The introduction of robots into mainstream life and work isn’t anything new — in fact, the first digitally operated and programmable robot was invented by George Devol in 1954. What once seemed impossible in the movies is becoming more normalized thanks to quantum computing, nanotechnology, science, and the exceptionally talented human beings who build things like hoverboards, exoskeleton suits, and self-driving cars.
My personal favorite is a chess-playing robot. In 1997, Deep Blue made history as the first computer to beat Garry Kasparov, the World Chess Champion at the time. In 2017, Google’s AI subsidiary DeepMind beat a world-champion, chess-playing program called Stockfish 8 without any human input other than the basic rules of chess. It achieved a superhuman level of chess play within 24 hours.
Yet, despite this robotic achievement, chess is still dominated by human players. The news lately surrounds Magnus Carlsen, a Norwegian chess grandmaster who is the reigning five-time World Chess Champion. He recently made headlines for both his notable lateness and losing two classical games in a row, a first for him since 2015.
Stories of human nature, achievement, and disappointment make compelling headlines — the human condition never fails to surprise or baffle. However, excitement and debate abound when new AI technology hits mainstream media.
Recently, ChatGPT entered the picture and, boy, did it spark that initial flurry of discourse.
Words matter, as do the people who write them
The recent talk of the business world, ChatGPT, in its own words, is an “AI-powered chatbot developed by OpenAI, based on the GPT (Generative Pretrained Transformer) language model. It uses deep learning techniques to generate human-like responses to text inputs in a conversational manner.”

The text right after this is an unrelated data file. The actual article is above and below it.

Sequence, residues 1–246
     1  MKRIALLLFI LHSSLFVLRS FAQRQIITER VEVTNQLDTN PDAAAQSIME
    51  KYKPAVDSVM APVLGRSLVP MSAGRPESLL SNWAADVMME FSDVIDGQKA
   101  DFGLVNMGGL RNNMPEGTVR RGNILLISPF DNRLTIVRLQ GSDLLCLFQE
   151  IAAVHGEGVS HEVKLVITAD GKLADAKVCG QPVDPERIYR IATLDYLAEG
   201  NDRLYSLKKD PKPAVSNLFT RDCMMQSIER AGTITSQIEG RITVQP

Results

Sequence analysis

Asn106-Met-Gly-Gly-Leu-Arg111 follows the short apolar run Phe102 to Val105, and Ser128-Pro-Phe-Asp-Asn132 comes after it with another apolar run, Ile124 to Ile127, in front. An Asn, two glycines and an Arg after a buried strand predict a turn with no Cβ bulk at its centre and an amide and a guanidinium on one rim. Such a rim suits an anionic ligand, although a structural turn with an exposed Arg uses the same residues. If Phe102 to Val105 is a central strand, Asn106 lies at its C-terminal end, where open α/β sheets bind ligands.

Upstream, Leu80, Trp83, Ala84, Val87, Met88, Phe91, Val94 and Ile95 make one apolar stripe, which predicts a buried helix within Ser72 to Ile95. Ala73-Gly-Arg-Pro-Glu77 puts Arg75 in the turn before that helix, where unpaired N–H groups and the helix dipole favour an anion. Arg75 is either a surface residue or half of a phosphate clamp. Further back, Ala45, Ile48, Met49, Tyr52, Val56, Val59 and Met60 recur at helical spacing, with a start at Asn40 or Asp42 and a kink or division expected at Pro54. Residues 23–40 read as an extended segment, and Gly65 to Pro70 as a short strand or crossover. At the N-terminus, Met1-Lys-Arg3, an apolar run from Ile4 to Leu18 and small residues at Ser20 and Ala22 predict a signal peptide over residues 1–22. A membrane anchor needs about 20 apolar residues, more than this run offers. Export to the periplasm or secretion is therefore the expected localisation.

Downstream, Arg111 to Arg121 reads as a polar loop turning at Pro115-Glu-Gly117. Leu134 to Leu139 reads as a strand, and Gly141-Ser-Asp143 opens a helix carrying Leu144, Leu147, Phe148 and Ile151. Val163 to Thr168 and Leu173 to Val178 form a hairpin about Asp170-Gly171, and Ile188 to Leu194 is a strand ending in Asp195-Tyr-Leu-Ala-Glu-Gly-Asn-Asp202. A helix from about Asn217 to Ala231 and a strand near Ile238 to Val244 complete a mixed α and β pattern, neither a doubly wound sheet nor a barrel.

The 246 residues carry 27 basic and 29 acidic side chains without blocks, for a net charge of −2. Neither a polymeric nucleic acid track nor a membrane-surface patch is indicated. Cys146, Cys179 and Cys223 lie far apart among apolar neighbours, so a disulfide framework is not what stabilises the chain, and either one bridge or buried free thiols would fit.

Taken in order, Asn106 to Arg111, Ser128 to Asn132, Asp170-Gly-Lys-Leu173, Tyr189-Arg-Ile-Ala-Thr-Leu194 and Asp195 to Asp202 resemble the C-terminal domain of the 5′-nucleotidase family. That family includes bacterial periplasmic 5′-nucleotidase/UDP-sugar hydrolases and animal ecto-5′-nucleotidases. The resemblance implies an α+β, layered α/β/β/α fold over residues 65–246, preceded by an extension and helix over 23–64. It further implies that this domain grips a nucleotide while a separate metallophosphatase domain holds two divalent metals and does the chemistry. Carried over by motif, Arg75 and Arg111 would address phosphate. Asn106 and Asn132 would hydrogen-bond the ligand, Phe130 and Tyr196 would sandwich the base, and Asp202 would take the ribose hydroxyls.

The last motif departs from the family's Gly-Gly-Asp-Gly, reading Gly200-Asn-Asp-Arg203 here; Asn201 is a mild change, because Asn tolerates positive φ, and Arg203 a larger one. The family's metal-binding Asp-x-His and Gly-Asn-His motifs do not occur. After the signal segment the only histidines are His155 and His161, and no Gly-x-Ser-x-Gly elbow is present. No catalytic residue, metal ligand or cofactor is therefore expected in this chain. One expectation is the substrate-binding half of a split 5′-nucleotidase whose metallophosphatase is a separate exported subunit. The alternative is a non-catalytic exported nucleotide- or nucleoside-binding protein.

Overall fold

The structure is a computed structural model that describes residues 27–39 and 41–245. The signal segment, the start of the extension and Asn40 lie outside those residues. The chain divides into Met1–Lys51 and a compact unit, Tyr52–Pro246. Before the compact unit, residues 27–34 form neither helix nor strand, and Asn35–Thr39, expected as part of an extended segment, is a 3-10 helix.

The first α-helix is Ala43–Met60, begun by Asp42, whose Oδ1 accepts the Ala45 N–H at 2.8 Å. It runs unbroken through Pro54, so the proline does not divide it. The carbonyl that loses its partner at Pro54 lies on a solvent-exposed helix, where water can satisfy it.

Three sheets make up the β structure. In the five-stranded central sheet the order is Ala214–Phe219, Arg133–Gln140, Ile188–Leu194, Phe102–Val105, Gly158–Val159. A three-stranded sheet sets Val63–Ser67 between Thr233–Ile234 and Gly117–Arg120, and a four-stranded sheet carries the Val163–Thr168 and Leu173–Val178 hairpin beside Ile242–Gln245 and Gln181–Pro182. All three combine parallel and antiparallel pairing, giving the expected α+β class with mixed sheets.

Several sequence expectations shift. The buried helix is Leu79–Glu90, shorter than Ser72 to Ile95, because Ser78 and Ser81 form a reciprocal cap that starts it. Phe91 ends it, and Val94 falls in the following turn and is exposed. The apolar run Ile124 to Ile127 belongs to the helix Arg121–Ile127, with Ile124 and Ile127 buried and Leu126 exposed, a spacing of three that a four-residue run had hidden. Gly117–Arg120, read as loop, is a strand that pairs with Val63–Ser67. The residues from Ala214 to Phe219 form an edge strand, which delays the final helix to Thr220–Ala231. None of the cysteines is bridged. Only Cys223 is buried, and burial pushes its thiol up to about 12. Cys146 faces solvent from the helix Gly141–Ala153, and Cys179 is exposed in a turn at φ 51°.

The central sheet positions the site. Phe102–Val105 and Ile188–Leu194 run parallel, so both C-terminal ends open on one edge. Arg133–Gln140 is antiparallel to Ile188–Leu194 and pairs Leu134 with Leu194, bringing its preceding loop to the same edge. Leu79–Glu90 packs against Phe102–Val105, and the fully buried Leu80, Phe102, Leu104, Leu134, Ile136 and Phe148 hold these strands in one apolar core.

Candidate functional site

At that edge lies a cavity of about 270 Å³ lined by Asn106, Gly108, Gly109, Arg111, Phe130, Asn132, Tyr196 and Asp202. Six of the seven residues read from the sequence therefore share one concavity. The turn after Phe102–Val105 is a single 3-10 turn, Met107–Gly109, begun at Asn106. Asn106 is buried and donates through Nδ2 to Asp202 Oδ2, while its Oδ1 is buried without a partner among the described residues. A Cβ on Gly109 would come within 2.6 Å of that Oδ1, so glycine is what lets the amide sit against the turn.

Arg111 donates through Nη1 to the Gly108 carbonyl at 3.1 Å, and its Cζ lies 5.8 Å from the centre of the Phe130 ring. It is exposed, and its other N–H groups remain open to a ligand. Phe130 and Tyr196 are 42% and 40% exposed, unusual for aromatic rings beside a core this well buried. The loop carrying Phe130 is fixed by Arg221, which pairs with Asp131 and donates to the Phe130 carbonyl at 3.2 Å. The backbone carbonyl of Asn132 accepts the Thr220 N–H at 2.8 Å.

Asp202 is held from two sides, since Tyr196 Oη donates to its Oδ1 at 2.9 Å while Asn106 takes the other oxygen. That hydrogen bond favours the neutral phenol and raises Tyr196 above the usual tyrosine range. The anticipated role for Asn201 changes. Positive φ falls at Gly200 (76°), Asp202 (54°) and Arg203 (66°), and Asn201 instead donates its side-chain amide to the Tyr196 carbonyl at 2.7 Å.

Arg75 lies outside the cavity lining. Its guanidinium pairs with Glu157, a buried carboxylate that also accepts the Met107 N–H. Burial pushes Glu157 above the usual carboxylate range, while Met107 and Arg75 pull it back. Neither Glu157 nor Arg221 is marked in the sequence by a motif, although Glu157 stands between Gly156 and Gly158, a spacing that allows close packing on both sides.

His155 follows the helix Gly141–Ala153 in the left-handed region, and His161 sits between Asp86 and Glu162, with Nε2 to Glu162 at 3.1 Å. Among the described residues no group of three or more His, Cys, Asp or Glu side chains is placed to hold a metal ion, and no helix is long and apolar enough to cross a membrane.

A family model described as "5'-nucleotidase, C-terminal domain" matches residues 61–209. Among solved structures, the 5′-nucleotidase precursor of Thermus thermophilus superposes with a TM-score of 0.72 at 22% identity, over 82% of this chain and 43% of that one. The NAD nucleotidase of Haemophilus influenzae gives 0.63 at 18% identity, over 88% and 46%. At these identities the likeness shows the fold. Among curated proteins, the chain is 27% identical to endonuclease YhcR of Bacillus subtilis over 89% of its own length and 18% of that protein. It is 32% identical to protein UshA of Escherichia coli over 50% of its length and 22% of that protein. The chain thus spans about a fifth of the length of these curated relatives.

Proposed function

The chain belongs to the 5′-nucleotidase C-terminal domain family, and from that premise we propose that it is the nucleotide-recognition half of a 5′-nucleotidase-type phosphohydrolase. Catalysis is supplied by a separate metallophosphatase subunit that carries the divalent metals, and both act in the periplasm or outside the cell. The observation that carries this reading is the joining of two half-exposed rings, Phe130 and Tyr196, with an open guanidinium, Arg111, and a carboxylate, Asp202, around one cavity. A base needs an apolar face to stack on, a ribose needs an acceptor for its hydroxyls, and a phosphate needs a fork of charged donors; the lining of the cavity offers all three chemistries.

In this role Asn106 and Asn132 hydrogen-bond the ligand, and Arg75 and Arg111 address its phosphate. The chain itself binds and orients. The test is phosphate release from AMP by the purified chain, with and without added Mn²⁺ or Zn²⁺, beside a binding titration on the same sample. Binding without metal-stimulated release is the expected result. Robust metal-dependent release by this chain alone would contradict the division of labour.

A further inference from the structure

In simpler terms, ChatGPT allows users to enter written prompts and receive AI-generated human-like text, images, and videos. It can generate essays, streamline copy, and answer most any question.
The editorial world is watching this newest AI chatbot closely. Can it do what we’ve spent years mastering? Is it thoughtful, creative, and clever in our craft?
Here at Dragonfly, we recently took ChatGPT to task and asked it to complete a simple rewrite of a three-sentence, 90-word paragraph about CMS regulations and hospice care. ChatGPT certainly delivered, cutting unnecessary language, simplifying complex thoughts, and distilling the information down to a more palatable paragraph.
However, it failed to prioritize the main idea or message of the paragraph. Had one of our writers or editors tackled this paragraph, they would have moved sentences and reimagined the actual delivery of the message, considering the audience and how they would best receive the content.
Which brings me back to human connection. Sure, ChatGPT has ignited discourse about the implications of robots operating in the modern-day workforce.
But in our line of work, connecting with humans is at the very core of what we do. We understand our audiences better than a robot because we are the audience. We think outside the box, constantly striving to find better solutions for our clients because our clients matter to us. We go beyond delivering a task when we find more compelling and creative ways to communicate, all while connecting with the people and topics as we execute.
Just like any other instrument we use to help hone our craft — from spellcheck to Grammarly to Hemingway Editor — AI chatbots and ChatGPT can be helpful tools in our arsenal. But when it comes to writing and editing clear, compelling content that doesn’t feel mass-produced, I believe in our ability to tell a story, put our minds together to identify key messages, and deliver them with style.
Personally, I like knowing who is at the other end of my screen — and that’s exactly who I write for.